In her 1998 theatre text Sports Play, Austrian author Elfriede Jelinek has the speaker Man say, “Apparently I can’t persuade you to the opposite point of view” (71). With this line, Jelinek sends up her own text, in which her refusal to change her point of view is the defining structural element. Rather than viewing Sports Play as agonal, like Karen Jürs-Munby (“Agon”) or as containing a wide cross-section of conflicting perspectives, I propose that Sports Play is an example of what Lehmann calls the “‘monologization of dialogue’ in drama,” where a text is built around the “excessive consensus of the speakers” and “figures talk not so much at cross-purposes but rather in the same direction” (129). So, in which direction are the figures in Sports Play talking? And how does the piece give the impression of arguing multiple points of view, when, in fact, the play’s language is all working to prove a single point? How does consensus look like dissensus?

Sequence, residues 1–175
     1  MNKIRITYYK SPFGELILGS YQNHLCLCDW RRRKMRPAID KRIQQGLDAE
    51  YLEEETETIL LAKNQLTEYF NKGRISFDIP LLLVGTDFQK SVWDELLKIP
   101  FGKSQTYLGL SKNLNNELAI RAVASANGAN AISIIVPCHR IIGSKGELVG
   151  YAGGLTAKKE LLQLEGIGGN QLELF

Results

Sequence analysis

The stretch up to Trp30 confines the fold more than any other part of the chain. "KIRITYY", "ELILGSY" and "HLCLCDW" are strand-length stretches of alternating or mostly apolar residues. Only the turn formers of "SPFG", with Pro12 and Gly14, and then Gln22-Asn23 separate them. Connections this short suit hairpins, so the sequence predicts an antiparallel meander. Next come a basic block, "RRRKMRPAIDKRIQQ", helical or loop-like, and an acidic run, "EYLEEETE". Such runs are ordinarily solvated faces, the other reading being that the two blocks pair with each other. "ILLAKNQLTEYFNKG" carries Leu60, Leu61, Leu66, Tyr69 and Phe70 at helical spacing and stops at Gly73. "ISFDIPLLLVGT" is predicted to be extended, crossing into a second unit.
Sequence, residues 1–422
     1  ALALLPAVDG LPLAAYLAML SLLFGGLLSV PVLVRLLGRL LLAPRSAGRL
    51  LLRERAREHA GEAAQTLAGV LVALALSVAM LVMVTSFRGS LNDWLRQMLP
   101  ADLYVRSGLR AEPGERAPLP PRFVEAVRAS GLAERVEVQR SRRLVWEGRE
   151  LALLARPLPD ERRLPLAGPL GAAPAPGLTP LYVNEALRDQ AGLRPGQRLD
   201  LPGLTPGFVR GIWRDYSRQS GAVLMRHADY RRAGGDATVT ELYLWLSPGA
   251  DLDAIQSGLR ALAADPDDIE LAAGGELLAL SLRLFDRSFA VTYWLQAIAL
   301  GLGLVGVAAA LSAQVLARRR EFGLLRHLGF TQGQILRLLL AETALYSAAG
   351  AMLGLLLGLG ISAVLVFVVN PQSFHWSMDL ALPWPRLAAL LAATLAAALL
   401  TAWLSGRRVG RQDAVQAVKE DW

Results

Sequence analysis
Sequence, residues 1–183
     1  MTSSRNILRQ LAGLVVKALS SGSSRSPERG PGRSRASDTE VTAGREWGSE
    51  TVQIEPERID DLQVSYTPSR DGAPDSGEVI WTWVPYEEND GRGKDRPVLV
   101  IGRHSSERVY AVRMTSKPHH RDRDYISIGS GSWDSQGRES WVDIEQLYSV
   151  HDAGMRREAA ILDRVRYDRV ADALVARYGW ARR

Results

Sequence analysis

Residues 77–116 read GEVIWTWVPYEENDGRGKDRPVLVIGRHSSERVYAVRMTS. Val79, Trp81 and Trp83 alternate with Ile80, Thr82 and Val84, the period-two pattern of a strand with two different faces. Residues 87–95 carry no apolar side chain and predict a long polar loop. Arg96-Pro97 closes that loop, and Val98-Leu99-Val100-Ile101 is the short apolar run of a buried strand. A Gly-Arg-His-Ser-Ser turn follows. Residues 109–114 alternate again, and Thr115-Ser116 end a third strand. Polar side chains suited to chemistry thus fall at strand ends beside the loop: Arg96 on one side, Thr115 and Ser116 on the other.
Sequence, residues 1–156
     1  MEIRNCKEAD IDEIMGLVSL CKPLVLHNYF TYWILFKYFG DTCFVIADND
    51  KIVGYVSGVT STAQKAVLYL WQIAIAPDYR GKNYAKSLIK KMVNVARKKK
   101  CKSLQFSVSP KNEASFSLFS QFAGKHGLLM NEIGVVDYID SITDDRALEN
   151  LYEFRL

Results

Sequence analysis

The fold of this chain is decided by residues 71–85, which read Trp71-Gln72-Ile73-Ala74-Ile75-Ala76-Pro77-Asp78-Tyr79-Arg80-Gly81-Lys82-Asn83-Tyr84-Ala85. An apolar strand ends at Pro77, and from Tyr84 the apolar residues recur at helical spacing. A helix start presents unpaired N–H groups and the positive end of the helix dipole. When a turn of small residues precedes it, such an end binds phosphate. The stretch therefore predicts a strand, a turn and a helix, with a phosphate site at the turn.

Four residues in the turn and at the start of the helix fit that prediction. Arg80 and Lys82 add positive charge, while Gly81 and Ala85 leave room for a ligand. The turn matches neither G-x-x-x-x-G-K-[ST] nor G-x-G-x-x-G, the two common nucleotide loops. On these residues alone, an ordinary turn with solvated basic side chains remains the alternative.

Taking my cue from Jelinek’s statements that her work is in the Austrian-Jewish satirical tradition following her predecessor Karl Kraus (Pizer 500), that she works in a “polemical, satiric, exaggerated manner” (Scheffer 30) and that her plays, specifically, are “essays” (Honegger, “Trümmerfrau” 29), I am viewing Sports Play through the lenses of polemics and satire to understand both the play’s structure and the way its choral figures and language give the impression of a plurality of perspectives. Importantly, polemic and satire are both grounded in the idea of an attack on a particular aspect of society. With its root in the ancient Greek word for war, polemos, a polemic is “an aggressive attack on or refutation of the opinions or principles of another” (“Polemic”). The definition of satire Scheffer applies to Jelinek’s writing is “aesthetically socialized aggression,” in which “two things are essential . . . one is wit or humour, the other an object of attack” (Frye qtd. in Scheffer 4). The tools of satire are found at play on every page of Sports Play: “parody, irony . . . grotesque, or word games” (Scheffler 4). As both categories contain the notion of attack, one might see the polemical lens as redundant and only view Sports Play as satire, since the category employs both attack and humour. But I maintain that the overall structure of the text is polemical and that all of its parts fight to prove Jelinek’s argument that sports are socio-culturally destructive, with its linguistic satire working to undermine opposing points of view.